Will and Kate are in for the shock of their lives…
Although Dr Kate Webster hasn’t let on, recently she’s been suffering from the following unmistakeable symptoms: morning sickness, tiredness, inexplicable cravings and a lack of punctuality when it comes to that time of the month. So it doesn’t take a fully qualified doctor to work out what’s wrong with her.
Of course, in her professional capacity she’s seen the symptoms so many times in other women, but that doesn’t make it any easier to accept the realisation that she’s the one who’s pregnant this time. Her passionate, ongoing fling with Peak Practice’s dashing Dr Will Preston has left her unexpectedly expecting his baby.
‘If it had happened to one of her teenage patients she’d have been sympathetic. But, frankly, she’s in shock that’s it’s happened to her – a doctor, who you’d imagine would know how to prevent an unwanted pregnancy.’ says Shelagh McLeod, who plays Dr Kate.
‘It goes to show that doctors are human too, and although we don’t get the full explanation of what went wrong, it’s obvious Kate simply made a mistake – forgot to take her Pill or whatever. Still, it’s doubly ironic that the father of the baby is a GP too. If it weren’t so tragic it would be funny.’
In next weeks episode, Kate not only confirms her worst fears, but breaks the news to Will, who’s played by Simon Shepherd. Although shaken by her bombshell, he’s opposed to Kate’s idea of a termination – and promptly proposes to her! ‘Kate’s suddenly having to consider marriage and a baby at the same time and it’s tearing her apart,’ says Shelagh.
‘She’s 36, just starting a new job, she and Will have barely known each other five minutes and they’re both recovering from broken marriages. Then again, if her heart was really set on a termination, perhaps she wouldn’t have told Will, but would have simply gone off and had one. Perhaps deep down she can see a future with him.’
Certainly while the affair has been brief, the signals have been promising. ‘They laugh at the same things, care about the same thins, like and dislike the same things. Obviously there’s a great physical attraction between them or they wouldn’t be in this mess in the first place!’
It’s a mess that in some ways Shelagh sympathises with. It’s not the easiest thing in the world to contemplate first-time motherhood at 36 – having been through the experience recently, she should know. ‘Still, unlike Kate’s pregnancy, my own was very much wanted and planned, so thankfully I never had to consider whether or not I wanted a termination, which is an awful dilemma for any woman.’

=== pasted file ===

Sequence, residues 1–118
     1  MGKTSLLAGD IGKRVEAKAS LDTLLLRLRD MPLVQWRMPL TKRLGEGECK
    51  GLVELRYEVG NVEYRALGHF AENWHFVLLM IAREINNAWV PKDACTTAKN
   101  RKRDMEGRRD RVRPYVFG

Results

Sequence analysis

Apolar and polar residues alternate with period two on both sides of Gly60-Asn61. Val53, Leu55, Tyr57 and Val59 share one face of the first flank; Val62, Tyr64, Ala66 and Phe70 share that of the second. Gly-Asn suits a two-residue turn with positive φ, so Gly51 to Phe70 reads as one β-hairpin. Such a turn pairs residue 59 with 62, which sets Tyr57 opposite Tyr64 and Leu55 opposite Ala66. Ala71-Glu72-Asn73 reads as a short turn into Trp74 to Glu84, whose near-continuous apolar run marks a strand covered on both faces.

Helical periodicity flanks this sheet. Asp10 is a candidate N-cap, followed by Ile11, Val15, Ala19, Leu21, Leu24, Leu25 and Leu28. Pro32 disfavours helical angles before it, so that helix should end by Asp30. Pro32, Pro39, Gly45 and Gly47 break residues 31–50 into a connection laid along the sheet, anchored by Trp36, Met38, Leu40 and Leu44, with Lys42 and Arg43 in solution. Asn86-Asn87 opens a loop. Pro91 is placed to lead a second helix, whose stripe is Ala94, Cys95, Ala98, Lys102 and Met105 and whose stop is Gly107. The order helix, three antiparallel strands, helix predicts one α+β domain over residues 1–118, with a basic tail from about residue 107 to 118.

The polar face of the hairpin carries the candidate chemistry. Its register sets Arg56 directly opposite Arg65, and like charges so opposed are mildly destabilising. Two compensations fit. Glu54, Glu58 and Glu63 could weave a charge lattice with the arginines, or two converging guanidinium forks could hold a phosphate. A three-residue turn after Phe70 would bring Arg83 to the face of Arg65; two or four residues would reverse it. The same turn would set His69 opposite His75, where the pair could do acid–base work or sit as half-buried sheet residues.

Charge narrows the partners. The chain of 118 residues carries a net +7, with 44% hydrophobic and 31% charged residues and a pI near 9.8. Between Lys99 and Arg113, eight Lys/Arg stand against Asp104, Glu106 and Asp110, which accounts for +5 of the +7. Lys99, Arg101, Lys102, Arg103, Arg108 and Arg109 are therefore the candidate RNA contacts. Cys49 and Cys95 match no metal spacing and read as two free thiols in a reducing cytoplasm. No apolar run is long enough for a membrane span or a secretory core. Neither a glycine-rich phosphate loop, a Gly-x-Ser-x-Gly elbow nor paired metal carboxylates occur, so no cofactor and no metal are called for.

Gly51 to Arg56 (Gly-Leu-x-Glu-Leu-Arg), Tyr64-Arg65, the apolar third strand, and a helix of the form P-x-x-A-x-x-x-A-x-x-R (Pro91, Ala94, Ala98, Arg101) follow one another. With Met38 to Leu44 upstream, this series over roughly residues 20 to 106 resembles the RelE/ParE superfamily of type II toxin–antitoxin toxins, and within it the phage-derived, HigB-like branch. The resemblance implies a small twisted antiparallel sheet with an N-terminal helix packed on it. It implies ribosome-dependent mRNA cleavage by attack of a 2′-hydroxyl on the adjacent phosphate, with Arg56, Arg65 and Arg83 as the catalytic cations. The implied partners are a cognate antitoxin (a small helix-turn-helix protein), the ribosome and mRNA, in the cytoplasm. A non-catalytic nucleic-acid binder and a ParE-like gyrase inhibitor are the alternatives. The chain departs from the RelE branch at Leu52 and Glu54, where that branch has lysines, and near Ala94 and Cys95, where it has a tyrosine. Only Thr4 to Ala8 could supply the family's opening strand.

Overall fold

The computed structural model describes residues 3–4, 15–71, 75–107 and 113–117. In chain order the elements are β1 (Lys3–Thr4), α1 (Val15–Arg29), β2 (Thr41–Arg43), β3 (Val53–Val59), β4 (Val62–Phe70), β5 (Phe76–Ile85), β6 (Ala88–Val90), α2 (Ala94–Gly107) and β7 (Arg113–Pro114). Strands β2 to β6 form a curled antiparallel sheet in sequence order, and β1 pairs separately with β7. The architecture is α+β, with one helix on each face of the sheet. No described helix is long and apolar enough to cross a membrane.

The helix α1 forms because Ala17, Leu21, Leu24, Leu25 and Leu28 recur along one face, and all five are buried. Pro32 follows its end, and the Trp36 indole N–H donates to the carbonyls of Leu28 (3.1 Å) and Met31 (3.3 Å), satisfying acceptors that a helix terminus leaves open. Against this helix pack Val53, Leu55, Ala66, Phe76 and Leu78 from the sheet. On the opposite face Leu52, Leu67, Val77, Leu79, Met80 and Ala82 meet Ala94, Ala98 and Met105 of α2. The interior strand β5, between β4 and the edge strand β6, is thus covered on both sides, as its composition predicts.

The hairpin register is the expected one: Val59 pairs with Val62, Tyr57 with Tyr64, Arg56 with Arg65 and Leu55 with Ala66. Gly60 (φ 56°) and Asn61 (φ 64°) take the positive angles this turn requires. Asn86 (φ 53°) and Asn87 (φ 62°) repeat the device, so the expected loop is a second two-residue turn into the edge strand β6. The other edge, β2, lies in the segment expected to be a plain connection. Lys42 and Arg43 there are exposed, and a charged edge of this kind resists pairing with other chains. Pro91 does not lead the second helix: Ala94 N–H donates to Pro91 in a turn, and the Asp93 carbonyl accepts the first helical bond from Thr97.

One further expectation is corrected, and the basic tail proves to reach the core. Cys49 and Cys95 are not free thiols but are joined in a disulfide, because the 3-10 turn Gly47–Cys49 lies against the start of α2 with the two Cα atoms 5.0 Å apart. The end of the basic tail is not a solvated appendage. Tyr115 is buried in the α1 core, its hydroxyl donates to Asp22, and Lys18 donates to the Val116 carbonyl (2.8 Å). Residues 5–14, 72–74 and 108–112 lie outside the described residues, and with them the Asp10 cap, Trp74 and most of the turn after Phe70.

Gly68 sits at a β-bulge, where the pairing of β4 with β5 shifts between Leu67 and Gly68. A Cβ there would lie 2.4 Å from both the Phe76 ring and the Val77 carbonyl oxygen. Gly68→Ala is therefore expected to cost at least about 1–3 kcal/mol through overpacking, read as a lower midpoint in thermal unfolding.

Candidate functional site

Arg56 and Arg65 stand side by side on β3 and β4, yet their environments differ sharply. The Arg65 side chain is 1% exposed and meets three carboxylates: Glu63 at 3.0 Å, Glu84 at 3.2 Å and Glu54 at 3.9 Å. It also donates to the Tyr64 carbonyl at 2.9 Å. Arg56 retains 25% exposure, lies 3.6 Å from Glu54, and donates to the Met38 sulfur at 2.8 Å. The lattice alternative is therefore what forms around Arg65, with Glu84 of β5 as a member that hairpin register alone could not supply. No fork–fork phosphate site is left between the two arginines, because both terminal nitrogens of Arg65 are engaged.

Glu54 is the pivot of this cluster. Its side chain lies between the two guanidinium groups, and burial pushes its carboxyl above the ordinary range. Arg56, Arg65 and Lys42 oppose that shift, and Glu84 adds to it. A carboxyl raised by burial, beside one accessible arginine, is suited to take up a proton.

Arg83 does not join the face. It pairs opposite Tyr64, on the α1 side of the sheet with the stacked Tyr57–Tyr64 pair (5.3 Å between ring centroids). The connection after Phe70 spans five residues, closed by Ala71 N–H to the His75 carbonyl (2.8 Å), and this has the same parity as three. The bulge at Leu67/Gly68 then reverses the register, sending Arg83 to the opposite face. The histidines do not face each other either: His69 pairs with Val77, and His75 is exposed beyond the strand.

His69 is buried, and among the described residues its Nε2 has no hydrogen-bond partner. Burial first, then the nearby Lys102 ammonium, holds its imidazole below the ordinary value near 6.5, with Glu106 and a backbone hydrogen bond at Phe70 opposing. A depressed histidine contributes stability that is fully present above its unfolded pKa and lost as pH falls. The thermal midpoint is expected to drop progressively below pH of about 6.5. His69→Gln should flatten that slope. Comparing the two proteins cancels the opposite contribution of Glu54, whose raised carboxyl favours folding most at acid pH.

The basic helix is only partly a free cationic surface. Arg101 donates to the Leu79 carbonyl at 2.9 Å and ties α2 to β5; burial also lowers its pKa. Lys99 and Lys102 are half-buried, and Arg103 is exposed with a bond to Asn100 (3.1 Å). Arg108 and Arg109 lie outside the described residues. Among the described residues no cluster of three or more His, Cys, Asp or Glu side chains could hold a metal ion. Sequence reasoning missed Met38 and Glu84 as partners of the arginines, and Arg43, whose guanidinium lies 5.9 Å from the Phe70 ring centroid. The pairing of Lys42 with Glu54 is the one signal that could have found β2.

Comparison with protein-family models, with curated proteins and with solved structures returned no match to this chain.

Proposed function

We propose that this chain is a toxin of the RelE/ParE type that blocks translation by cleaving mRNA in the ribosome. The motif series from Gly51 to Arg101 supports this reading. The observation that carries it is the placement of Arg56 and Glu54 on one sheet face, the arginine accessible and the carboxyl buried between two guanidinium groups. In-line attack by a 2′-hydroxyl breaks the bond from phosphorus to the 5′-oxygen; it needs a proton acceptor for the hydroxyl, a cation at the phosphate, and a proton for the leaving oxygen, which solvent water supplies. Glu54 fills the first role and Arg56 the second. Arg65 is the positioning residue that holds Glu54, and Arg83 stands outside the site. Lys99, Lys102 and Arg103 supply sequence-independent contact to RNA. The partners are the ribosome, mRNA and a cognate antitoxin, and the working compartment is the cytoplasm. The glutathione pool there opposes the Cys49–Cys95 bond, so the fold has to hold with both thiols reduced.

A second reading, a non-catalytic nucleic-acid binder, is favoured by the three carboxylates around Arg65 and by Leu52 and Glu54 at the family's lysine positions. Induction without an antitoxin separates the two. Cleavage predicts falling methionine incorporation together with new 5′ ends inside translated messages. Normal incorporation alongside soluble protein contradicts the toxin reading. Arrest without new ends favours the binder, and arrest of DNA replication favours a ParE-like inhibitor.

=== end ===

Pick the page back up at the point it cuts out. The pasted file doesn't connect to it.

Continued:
But although she very much wanted her daughter, Katherine, who’s now 10 months old, Shelagh admits she was unprepared for the missile effect motherhood had on her life.
‘I wasn’t ready or the emotional bombshell of giving birth, the sleepless nights, and for the sheer exhaustion of those early months. Sometimes I was so tired I thought I’d go nuts,’ she says.
She thanks heaven for her supportive husband. Shelagh met property developer Marek Pilkington Miksa five years ago, after the break up of her marriage to America actor James Jordan. ‘Having a child is a way of closing the door on your old life and embracing a new life. It’s difficult now to imagine what life was like without Marek and Katherine.’
Shelagh found her niche at the Corona Stage School at 14. She went on to play several TV roles in Britain, including the lead role in Dennis Potter’s Cream in my Coffee. In her 20’s she lived and worked in Canada and Los Angeles. She came back to England with Marek seven years later and they moved into a house in Surrey. She loves her life there, but Peak Practice has recently taken her away to Derbyshire for filming. ‘I find myself racing back to Surrey to be with Katherine whenever I can,’ she says. ‘Seeing her again always feels like Christmas.’
Although her life’s demanding at the moment, she loves the pressure. ‘I appreciate the up-side so much because I’ve also known the down-side.’ Three years ago a degenerative spinal condition meant Shelagh needed major back surgery. The recovery was painfully long and difficult. ‘Now when I wake up pain-free and able to walk and hold Katherine, I say a little thank you. The experience taught me to appreciate the most basic things in life.’
It also taught her a great deal about the medical profession, so it’s not surprising her performance as Kate Webster is so realistic. Not that she could be a doctor in real life, especially a surgeon. ‘If I had to slice someone with a scalpel, I’d keel over,’ she laughs.
There was one sticky moment during a scene in a mocked-up hospital ward. ‘I spotted needles and tubes and it reminded me of everything I’d been through. I wanted to run away and hide.’ But she confronted her fear head on, which is exactly how Kate will cope with her current problem. ‘In the end, Kate will live by her decision about Will and the baby. She’s that kind of person,’ says Shelagh.
In the meantime, Kate has another common human condition – cold feet. And it doesn’t take a doctor to diagnose that, either.